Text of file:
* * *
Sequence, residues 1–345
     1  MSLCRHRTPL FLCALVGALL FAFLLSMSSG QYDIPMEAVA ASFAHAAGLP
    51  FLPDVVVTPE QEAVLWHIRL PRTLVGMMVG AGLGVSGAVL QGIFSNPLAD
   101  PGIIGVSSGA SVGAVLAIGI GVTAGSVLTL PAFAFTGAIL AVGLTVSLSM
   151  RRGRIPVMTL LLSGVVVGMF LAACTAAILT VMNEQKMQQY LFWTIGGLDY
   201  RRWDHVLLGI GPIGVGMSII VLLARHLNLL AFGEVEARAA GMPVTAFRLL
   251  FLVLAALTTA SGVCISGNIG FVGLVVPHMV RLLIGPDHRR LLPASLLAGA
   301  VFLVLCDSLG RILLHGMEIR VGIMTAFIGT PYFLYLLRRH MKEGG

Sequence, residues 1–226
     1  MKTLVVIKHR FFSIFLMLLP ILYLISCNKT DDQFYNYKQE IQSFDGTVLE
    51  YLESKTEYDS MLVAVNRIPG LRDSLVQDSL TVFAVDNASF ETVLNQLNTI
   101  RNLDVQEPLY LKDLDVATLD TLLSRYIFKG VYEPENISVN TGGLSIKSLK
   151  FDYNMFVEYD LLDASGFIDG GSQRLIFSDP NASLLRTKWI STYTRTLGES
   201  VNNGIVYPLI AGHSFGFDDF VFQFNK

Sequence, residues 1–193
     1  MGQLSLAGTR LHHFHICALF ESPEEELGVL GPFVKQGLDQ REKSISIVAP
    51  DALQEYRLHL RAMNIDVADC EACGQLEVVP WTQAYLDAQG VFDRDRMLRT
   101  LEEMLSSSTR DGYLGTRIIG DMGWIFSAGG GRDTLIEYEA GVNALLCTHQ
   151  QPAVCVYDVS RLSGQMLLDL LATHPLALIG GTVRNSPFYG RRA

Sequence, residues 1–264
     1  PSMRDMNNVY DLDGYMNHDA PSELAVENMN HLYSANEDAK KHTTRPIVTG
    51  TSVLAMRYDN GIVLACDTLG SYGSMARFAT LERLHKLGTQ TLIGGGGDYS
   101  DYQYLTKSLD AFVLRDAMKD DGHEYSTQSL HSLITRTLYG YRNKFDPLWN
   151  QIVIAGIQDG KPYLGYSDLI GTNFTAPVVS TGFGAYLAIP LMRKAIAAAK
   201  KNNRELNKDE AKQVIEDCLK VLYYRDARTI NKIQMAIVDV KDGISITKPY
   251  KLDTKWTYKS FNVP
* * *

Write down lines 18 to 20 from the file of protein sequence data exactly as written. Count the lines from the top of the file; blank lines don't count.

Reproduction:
   101  LEEMLSSSTR DGYLGTRIIG DMGWIFSAGG GRDTLIEYEA GVNALLCTHQ
   151  QPAVCVYDVS RLSGQMLLDL LATHPLALIG GTVRNSPFYG RRA

Sequence, residues 1–264